Max Scheler, following up some clues in Nietzsche, developed a sociology of ‘ressentiment’, which – as a first pass — refers to the creation of scapegoats to deflect attention from one’s own inadequacies. Ressentiment was meant to explain how the desire for self-transcendence is perverted as the faithful come to believe that others have managed to reach much the same end by illegitimate means. In practice, the concept tends to refer to a rightward ideological turn by, say, working class or petit bourgeois who think that Jews or foreigners have usurped their prerogative. The left has not been traditionally implicated in this spoiler position because of its ‘progressive’ outlook, which was always constructive of the future, even as it laid waste to the past. Ressentiment, in contrast, is meant to be an exclusively negative – even nihilistic – sentiment born of fearful incomprehension.
Enter Nobel Prize economist and NY Times op-ed author, Paul Krugman, who may be the highest profile author to attempt to demonise the Republican Party as ‘anti-science’ in a way that is reminiscent of how US conservatives demonised the political and cultural left as ‘anti-American’ in the 20th century. In a piece originally published in the NYT and reprinted in the Guardian, Krugman scaremongers about the prospects for the US if Republican candidates who deny evolution and anthropocentric climate change manage to get into the White House. Krugman appears to believe that taking a loyalty oath to whatever happens to be the scientific consensus ought to be an entry requirement for anyone seeking elected office.
Perhaps the most odious feature of this suggestion is its appeal to science as a superordinate authority on the democratic political process. Whereas the right might try to co-opt the military under comparable circumstances, the left turns to science to threaten opponents who otherwise appear to be ascendant. Krugman’s suggestion also serves to corrupt science. No doubt Republicans are trying to gain advantage by casting doubt on various policy-relevant scientific views. Nevertheless there is legitimate room for disagreement and the offering of alternatives by scientists themselves, and exaggerated claims for consensus and certainty – simply to trump a group of politicians – does the cause of free scientific inquiry no favours. If anything, it reinforces the stereotype of scientists as an elite class contemptuous of the public.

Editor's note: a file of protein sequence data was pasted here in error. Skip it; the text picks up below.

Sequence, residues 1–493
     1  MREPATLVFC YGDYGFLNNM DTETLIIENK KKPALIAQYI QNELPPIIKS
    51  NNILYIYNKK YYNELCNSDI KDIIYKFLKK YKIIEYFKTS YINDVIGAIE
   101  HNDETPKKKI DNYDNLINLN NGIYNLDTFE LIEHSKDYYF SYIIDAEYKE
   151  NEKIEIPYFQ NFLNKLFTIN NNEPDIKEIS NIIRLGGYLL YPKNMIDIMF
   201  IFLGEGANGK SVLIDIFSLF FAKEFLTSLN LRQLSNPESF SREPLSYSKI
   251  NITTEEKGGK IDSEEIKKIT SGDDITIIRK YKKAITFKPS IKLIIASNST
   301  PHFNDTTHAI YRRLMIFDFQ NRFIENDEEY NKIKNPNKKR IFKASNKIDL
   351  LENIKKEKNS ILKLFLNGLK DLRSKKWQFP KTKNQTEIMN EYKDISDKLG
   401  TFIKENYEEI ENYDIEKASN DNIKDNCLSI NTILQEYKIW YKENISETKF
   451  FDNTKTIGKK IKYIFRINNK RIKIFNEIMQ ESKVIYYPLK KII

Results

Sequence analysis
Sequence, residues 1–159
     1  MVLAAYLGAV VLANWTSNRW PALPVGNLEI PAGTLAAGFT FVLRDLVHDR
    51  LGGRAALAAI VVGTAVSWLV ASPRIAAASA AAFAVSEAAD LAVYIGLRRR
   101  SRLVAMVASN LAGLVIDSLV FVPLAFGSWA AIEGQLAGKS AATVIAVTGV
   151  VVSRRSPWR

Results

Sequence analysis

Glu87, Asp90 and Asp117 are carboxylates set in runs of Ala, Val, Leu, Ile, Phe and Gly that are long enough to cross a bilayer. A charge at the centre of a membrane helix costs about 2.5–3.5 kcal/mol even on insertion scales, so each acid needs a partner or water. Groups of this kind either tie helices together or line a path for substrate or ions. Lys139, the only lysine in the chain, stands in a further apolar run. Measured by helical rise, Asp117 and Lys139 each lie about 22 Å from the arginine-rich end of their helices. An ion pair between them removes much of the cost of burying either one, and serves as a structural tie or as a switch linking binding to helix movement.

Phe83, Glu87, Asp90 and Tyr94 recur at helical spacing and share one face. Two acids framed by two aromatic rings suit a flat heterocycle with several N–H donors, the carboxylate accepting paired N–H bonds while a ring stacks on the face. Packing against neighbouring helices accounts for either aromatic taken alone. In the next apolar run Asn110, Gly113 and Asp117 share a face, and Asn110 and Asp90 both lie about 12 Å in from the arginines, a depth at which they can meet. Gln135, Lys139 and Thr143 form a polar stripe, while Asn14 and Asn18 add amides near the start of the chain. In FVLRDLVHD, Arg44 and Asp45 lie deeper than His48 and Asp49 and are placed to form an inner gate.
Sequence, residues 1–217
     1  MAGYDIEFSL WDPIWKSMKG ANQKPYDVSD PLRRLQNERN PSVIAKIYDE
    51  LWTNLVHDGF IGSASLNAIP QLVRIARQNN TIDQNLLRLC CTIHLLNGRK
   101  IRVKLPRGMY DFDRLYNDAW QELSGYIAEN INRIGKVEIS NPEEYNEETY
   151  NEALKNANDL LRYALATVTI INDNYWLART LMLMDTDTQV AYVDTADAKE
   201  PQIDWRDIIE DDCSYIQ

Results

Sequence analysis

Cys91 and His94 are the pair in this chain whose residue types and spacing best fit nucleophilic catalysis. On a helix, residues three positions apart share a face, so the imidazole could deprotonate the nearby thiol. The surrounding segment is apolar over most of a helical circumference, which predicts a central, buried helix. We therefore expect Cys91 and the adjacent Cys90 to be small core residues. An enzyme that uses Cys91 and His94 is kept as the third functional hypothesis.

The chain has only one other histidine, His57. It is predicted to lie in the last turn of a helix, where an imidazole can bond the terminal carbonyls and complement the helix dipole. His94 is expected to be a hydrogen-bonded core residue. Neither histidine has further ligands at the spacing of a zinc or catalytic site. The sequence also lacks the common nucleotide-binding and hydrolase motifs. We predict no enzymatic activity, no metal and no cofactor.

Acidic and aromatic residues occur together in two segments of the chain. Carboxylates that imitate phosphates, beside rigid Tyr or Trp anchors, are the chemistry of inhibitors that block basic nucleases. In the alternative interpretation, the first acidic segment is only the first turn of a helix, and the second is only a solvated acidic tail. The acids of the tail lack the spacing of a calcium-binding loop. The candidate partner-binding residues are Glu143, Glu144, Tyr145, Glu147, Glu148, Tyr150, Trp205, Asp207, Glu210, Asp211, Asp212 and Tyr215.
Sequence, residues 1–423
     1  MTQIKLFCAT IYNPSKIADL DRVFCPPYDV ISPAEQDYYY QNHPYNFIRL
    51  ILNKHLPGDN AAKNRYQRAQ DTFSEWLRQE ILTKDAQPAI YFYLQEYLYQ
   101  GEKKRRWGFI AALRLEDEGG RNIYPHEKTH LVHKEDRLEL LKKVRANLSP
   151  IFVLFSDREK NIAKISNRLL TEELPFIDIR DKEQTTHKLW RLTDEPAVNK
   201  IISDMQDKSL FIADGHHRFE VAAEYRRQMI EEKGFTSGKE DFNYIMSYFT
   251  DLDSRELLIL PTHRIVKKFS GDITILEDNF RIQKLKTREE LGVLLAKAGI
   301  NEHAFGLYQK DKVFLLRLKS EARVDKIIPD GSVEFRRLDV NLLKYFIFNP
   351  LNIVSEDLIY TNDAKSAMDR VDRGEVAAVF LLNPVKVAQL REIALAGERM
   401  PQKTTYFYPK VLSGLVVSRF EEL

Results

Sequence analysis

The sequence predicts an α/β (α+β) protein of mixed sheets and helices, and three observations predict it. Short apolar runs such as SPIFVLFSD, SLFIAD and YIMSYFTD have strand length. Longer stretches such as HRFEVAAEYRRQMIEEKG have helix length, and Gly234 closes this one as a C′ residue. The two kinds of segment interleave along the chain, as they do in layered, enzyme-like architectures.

When it comes to strictly scientific issues, what matters isn’t whether Texas governor Rick Perry (dis)believes in global warming or Darwinism, but what he believes should be taught and researched on these matters. However, even this somewhat misses the point. For when Perry makes statements denying global warming and Darwin, he is not mainly trying to say anything about science at all. Rather he is engaging in ‘dog whistle politics’, in which scientific opinions are meant to stand ‘metonymically’ (apologies for the old structuralist jargon) for a set of conservative cultural positions that appeal to a wide range of voters. Liberals like Krugman are so completely alienated from these positions that they can only register them as dangerous pathologies of the intellect (aka scientific illiteracy). But unless liberals change their tune, they will continue to fail to deal with the democratic process as it exists in the US today.
Categories: Rethinking The World